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課程來源:TED
     

 

Meg Jay 談為何三十世代並非新二十世代

Meg Jay: Why 30 is not the new 20

 

Photo of three lions hunting on the Serengeti.

講者:Meg Jay

2013年2月演講,2013年5月在TED 2013上線

 

翻譯:洪曉慧

編輯:朱學恆

簡繁轉換:洪曉慧

後製:洪曉慧

字幕影片後制:謝旻均

 

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MAC及手持裝置版本請按此下載

閱讀中文字幕純文字版本

 

關於這場演講

臨床心理學家Meg Jay提供二十世代一則大膽的訊息:不同於一般觀點,你的二十世代並非無足輕重的十年。Jay在這場引人入勝的演講中說,儘管婚姻、工作及孩子是之後的事,不代表你不能現在就開始規劃。她提出三項建議,說明二十世代該如何掌握人生中決定性的十年。

 

關於Meg Jay

Meg Jay在她的著作《20世代,你的人生是不是卡住了(The Defining Decade)》(繁體譯本)中闡述,許多二十世代輕忽了成年階段最具可塑性-及決定性-的時光。

 

為什麼要聽她演講

近期觀點認為,25歲似乎太過年輕,無法做重大決定。臨床心理學家Meg Jay藉由心理學實務和著作《20世代,你的人生是不是卡住了》闡述,許多二十世代深陷《時代》雜誌所謂「我我我世代」的迷思和誤導中。她認為「三十世代是新二十世代」的說法使人們輕忽成年階段最具可塑性的時光。

 

擷取十餘年來與數百名二十世代個案及學生諮商的經驗,Jay將科學融入一段段引人入勝、不為人知的故事中。精彩、生動的故事發展,顯示為何二十世代並非發展停滯期,而是僅此一次的發展高峰。二十世代是個關鍵期,我們所做之事-及未做之事-對未來人生、甚至後代都將產生巨大影響。

 

Jay是臨床心理學家,專門研究成人發展,尤其是二十世代。她於維吉尼亞大學擔任臨床助理教授,並於維吉尼亞州Charlottesville經營私人診所。她本身於二十世代早期從事拓展訓練師工作。

 

「給美國五千萬名二十世代的四項警訊。」

-《柯克斯書評》

 

Meg Jay的英語網上資料

Home: drmegjay.com

Twitter: @drmegjay

 

[TED科技‧娛樂‧設計]

已有中譯字幕的TED影片目錄(繁體)(簡體)。請注意繁簡目錄是不一樣的。

 

Meg Jay 談為何三十世代並非新二十世代

 

我20多歲時,遇見我第一位心理治療病患。我當時是柏克萊大學臨床心理學博士生,她是名叫Alex的26歲女子。第一次會談時,Alex穿著牛仔褲和寬大上衣,一屁股坐在我辦公室的沙發上,踢掉她的平底鞋,告訴我她是來談男性問題的。聽見這句話時,我鬆了一口氣;我同學的第一位病人是縱火犯(笑聲),我的則是一位想談男性的二十多歲女子。我以為我能搞定這件事。

 

事實卻不然。聽著Alex在會談中所說的有趣故事,只需點頭、對真正問題避而不談,對我來說十分輕鬆。「三十世代是新二十世代,」Alex說。據我所知,她說的沒錯。工作、結婚都是之後的事,孩子是之後的事,甚至死亡也是之後的事,像Alex和我這樣的二十世代有的是時間。

 

但不久後,指導教授催促我,督促Alex積極面對愛情生活,我不以為然。

 

我說,「沒錯,她有固定約會對象,她和一個蠢蛋上床,但不代表她會和那個傢伙結婚。」

 

於是指導教授說,「目前是如此,但或許她會和下一個對象結婚。此外,讓Alex經營婚姻的最佳時機,就是在她結婚前。」

 

這就是心理學家所謂的「啊哈!」時刻。那一刻,我領悟到三十世代並非新二十世代。沒錯,人們比以往更晚成家立業,但不代表二十世代是Alex的發展停滯期,而是Alex的最佳發展時機,我們卻坐視這段時光白白流逝。此時我才明白,所謂善意的忽視確實是個問題,將造成嚴重後果。不僅對Alex和她的愛情生活來說如此,對所有二十世代的事業、家庭和未來亦然。

 

目前美國有五千萬名二十世代人口,大約佔總人口的15%,或者說100%,如果考慮到任何邁入成年期的人都經歷過二十世代。

 

現場的二十世代請舉手,我非常希望在現場見到二十世代聽眾。太好了!你們都棒極了。如果你和二十世代共事、如果你的戀人是二十世代、如果你關心二十世代,我想看到-好,棒極了!二十世代十分重要。

 

因此我專門研究二十世代,因為我認為這五千萬名二十世代中的每一位,都該知道心理學家、社會學家、神經學家及生育專家都知道的事:二十世代是最單純、但最具可塑性的階段,對工作、愛情和幸福來說,也許甚至對全世界來說。

 

這並非我個人的觀點,而是事實。我們知道,人生中80% 最具決定性的時刻發生於35歲前,這意味著定義你人生的決定、經歷和「啊哈!」時刻,10個中有8個發生於30歲中旬前。超過40歲的人別慌,我想在座聽眾應該沒問題。我們知道,一份職業的最初十年對你未來的收入影響甚鉅;我們知道半數以上的美國人,30歲前即和終生伴侶結婚、同居或約會;我們知道大腦於二十世代歷經第二次及最後一次成長高峰,以轉型為成人期。這意味著無論你打算如何改變自己,此刻正是最佳時機。我們知道性格於二十世代的變化勝於人生其他階段;我們知道女性生育高峰期是28歲,35歲之後則每況愈下,因此二十世代正是瞭解自我身體狀況及選擇的最佳時機。

 

因此,當我們談到兒童發展,我們都知道,最初五年是大腦發展語言和情感依附的關鍵期,是日常生活對未來發展影響甚鉅的階段,但我們較少聽說的是所謂的成人發展。二十世代正是成人發展關鍵期。

 

但二十世代不曾聽過這一點,報紙談論的總是成人階段的改變。研究人員稱二十世代為青春期的延續,新聞記者賦予二十世代一些愚蠢的稱號,例如「啃老族」和「大孩子」,確實如此。文化使然,我們輕忽了成人階段的決定性十年。

 

倫納德‧伯恩斯坦(著名指揮家)說,欲達成偉大成就,需要一個計畫和不甚充裕的時間。確實如此嗎?因此,當你拍著一位二十世代的頭說:「你的人生還有十年才開始。」你認為會發生什麼事?什麼也不會發生。你剝奪了那個人的迫切感和雄心,不會發生任何結果。

 

日復一日地,聰明、有趣的二十世代,如同你們或你們的子女,前來我辦公室說類似以下的話:「我知道我男友不適合我,但這段感情不能當真,只是打發時間罷了。」或是,「每個人都說,我只要在30歲前展開事業就沒問題。」

 

但之後他們開始這麼說:「我的二十世代即將結束,卻一事無成,我最好從大學畢業那天就開始投履歷表。」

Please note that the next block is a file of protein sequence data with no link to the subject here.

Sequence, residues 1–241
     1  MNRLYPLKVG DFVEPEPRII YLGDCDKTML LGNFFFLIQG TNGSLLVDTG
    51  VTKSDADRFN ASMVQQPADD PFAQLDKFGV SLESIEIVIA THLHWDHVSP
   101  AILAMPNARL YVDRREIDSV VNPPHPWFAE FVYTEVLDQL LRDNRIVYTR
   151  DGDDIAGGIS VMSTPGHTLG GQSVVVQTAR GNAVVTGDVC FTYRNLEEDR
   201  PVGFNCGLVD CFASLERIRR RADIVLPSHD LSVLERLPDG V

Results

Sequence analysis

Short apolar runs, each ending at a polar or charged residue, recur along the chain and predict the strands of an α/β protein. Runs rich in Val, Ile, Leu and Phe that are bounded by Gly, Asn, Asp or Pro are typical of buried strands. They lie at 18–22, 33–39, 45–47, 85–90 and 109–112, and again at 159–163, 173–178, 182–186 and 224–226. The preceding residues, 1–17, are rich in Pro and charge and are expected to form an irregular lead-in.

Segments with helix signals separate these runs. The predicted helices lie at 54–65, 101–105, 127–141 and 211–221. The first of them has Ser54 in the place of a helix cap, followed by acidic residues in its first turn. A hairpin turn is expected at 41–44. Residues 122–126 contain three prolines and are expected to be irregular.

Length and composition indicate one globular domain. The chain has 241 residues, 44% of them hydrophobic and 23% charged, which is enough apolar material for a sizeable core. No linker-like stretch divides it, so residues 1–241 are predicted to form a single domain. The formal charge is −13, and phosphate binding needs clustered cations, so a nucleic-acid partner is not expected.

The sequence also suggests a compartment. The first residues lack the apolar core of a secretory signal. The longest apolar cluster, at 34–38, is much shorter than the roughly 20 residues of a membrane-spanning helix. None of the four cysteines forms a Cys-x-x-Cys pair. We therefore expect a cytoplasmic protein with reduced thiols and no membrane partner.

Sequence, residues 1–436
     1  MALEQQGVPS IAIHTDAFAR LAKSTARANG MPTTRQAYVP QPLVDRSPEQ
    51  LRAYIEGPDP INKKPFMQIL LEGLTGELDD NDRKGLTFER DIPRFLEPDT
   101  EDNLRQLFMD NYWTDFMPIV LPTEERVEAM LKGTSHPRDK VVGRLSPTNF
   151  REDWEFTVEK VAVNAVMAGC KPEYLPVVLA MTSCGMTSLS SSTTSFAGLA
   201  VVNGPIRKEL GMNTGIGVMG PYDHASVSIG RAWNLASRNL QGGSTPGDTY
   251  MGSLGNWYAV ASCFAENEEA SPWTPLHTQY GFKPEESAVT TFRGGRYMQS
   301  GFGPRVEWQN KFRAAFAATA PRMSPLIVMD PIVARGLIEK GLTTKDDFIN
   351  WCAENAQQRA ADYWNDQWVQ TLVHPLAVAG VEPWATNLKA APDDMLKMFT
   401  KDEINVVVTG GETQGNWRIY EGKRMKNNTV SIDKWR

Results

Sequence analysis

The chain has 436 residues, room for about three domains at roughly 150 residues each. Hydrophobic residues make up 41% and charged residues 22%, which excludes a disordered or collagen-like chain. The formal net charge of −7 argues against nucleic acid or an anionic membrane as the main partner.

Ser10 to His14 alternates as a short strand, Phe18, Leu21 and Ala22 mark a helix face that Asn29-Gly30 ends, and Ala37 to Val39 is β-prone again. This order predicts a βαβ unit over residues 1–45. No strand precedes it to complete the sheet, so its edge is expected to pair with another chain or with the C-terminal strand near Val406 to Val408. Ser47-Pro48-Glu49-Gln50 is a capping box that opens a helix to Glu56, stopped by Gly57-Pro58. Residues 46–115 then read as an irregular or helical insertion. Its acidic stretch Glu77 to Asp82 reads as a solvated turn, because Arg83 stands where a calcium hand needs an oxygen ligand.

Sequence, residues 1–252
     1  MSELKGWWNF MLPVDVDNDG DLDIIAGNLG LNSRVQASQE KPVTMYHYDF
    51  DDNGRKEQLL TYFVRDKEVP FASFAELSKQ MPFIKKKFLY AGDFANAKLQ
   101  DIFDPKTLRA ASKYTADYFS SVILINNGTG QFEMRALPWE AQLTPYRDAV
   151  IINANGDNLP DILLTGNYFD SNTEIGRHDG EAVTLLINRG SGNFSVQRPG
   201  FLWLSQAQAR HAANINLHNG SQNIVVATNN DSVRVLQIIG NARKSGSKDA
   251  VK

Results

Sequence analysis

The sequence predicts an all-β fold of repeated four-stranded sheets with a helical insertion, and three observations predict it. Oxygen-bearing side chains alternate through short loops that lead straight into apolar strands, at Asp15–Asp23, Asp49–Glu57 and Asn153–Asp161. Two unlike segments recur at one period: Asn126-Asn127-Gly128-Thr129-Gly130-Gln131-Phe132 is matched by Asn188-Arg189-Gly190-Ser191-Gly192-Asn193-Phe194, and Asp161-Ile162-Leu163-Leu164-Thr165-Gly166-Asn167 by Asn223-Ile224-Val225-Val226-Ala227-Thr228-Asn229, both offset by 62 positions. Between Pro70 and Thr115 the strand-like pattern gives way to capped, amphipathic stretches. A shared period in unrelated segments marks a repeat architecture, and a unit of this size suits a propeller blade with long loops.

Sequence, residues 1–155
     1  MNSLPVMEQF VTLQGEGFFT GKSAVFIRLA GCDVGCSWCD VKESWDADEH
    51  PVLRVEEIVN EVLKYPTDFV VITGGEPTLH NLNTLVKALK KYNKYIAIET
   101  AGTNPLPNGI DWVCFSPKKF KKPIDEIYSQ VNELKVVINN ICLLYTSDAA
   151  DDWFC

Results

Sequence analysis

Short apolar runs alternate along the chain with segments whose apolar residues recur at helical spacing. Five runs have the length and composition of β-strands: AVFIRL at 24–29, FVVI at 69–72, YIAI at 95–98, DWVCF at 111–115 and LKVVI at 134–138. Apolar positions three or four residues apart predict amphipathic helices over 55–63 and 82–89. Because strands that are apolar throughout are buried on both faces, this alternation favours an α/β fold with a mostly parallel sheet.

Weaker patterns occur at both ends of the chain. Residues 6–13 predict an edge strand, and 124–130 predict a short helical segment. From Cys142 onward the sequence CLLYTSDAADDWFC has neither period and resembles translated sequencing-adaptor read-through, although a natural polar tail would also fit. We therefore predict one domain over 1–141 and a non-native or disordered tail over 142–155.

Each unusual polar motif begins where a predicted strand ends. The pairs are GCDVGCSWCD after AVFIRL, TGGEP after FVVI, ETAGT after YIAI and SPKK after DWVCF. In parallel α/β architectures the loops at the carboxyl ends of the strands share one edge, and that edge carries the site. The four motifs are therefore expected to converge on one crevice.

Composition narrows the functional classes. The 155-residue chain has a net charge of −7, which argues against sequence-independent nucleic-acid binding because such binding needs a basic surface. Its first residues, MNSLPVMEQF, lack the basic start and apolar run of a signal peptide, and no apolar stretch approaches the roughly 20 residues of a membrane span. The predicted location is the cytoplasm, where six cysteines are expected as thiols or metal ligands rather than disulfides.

然後他們開始這麼說:「二十世代的約會就像玩大風吹,大家四處遊蕩、樂在其中,但30歲左右音樂逐漸停止,大家開始就座。我不想成為唯一站著的人,因此有時我覺得和丈夫結婚,只因為他是30歲時離我最近的椅子。」

 

在座的二十世代?千萬別這麼做。

 

好,聽起來像是說笑,但別誤會,其中的風險極大。當許多事延宕到三十世代,將造成三十世代極大的壓力。展開事業、選擇居住地、尋找伴侶、在極短時間內生兩三個孩子,這些事大多無法同時兼顧。如近期研究結果顯示,在三十世代同時完成這些事,難度和壓力都將變得更大。

 

千禧年後的中年危機不在於是否買輛紅色跑車,而在於意識到無法擁有現在渴望的事業,意識到無法生出現在想要的孩子,或無法替孩子生出兄弟姊妹。太多三十世代及四十世代看看自己,然後望著坐在房間另一頭的我,開始談論他們的二十世代:「我當時在做什麼?在想什麼?」

 

我希望改變二十世代的做法和想法。

 

以下是關於如何著手的故事。這是關於一位名叫Emma的女子的故事。25歲時,Emma來到我辦公室,因為她-根據她的說法-正經歷身份危機。她說,她認為自己或許想從事藝術或娛樂工作,但尚未下定決心,因此過去幾年她暫時擔任餐飲服務生。為了省錢,她和脾氣的展現更勝於抱負的男友同居。儘管她的二十世代充滿艱辛,她之前的生活更是困難重重。她經常於會談時哭泣,但恢復平靜後,她說,「你無法選擇家庭,但可以選擇朋友。」

 

某天,Emma走進辦公室,把頭倚在膝蓋上哭了將近一個小時。她剛買了一本新通訊錄,花了整個上午填寫連絡人資料,但接著,她茫然地盯著以下文字後的空白:「發生緊急情況時,請撥打…」她幾乎是歇斯底里地看著我說,「如果出車禍,誰會陪在我身邊?如果得癌症,誰會照顧我?」

 

當時,我費盡心力才忍住說「我會」的衝動。但Emma需要的並非一位對她關懷備至的治療師,Emma需要更好的生活,我知道這是她的機會。自從治療Alex後,我學到很多,我不會坐視Emma的決定性十年白白流逝。

 

因此,接下來幾週、幾個月中,我告訴Emma三件每位二十世代-無論男女-都該聆聽的忠告。

 

首先,我要Emma忘了她的身份危機,累積一些身份資本。至於累積身份資本,我指的是進行某些增加自我價值的事,進行某些有助於達成理想中的自己的投資。我不知道Emma的工作前景,沒人知道任何工作的前景,但我確實知道這一點:身份資本將衍生身份資本。因此,此時正是接受那份跨國工作、實習職位和你想嘗試的創業的時機。我並非反對二十世代進行探索,但我不贊同無意義的探索。順帶一提,那並非探索,而是浪費時間。我要Emma進行有意義的工作探索。

 

其次,我告訴Emma,人們高估了城市部落(Urban Tribes)。好友是載你去機場的絕佳人選,但二十世代群聚的對象在於志同道合的同齡族群,侷限於相識者、彼此知道的事、相似的思考模式、相仿的說話方式和相近的工作地點。新資本、新約會對象幾乎總是來自圈外,新事物來自我們所謂的弱連結,例如朋友的朋友的朋友。因此-沒錯,半數二十世代並未就業或擁有全職工作,但其中一半並非如此,弱連結正是使你加入那個族群的方式。半數新職位不曾公佈,因此,接觸鄰居的老闆正是得到那份未公佈工作的方法。這並非投機,而是資訊傳播原理。

 

最後,同樣重要的是,Emma認為你無法選擇家庭,但可以選擇朋友。以她的成長經歷來說確實如此,但身為二十世代,Emma很快就得選擇自己的家庭,當她和某人結為連理、建立屬於自己的家庭時。我告訴Emma,此時正是她選擇家庭的時機。你或許認為,相較於20歲、甚至25歲,30歲是較適當的成家時機,我同意這一點。但是當所有Facebook上的朋友開始步入禮堂時,套牢某個和你同居或上床的人,這並非完成某項進展。經營婚姻的最佳時機正是結婚前,這是指如同看待工作般用心看待愛情。家庭的選擇是有意識的選擇;選擇你想要的人和生活,而非僅是達成目標或打發時間-與恰巧選擇你的人。

 

Emma的後續情況如何?好,我們翻閱那本通訊錄,她發現一位前室友的親戚任職於他州的藝術博物館,那個弱連結協助她在當地找到一份工作,那份工作給了她離開同居男友的理由。5年後的今天,她成了博物館特殊活動規劃者,她和一位用心選擇的人結婚。她愛她的新職業,她愛她的新家庭。她寄給我一張卡片,上面寫著:「現在緊急連絡人一欄似乎不夠大了。」

 

Emma的故事使這件事聽來輕而易舉,但這就是我喜愛與二十世代共事的原因-幫助他們十分容易。二十世代就像剛離開洛杉磯國際機場的飛機,準備前往西岸某處,起飛後,航線稍微偏移,即降落阿拉斯加或斐濟的差別。同樣地,在21或25歲,甚至29歲,一場有益的談話、一次充分的休息、一場卓越的TED演講,對未來幾年、甚至幾代都有極大影響。

 

因此,這是一個值得分享給每一位你認識的二十世代的想法。這就像我於Alex的會談中所領悟到的道理一樣容易,這就是我現在有幸能時時給予像Emma一樣的二十世代的忠告:三十世代並非新二十世代,因此,掌握你的成年時期、累積一些身份資本、利用你的弱連結、選擇你的家庭。別受限於你不知道或不曾做過的事,此刻你正在決定你的人生,謝謝。(掌聲)

 

以下為系統擷取之英文原文

About the Talk

Clinical psychologist Meg Jay has a bold message for twentysomethings: Contrary to popular belief, your 20s are not a throwaway decade. In this provocative talk, Jay says that just because marriage, work and kids are happening later in life, doesn’t mean you can’t start planning now. She gives 3 pieces of advice for how twentysomethings can re-claim adulthood in the defining decade of their lives.
 
About the Speaker
In her book "The Defining Decade," Meg Jay suggests that many twentysomethings feel trivialized during what is actually the most transformative — and defining — period of our adult lives.
 
About the Transcript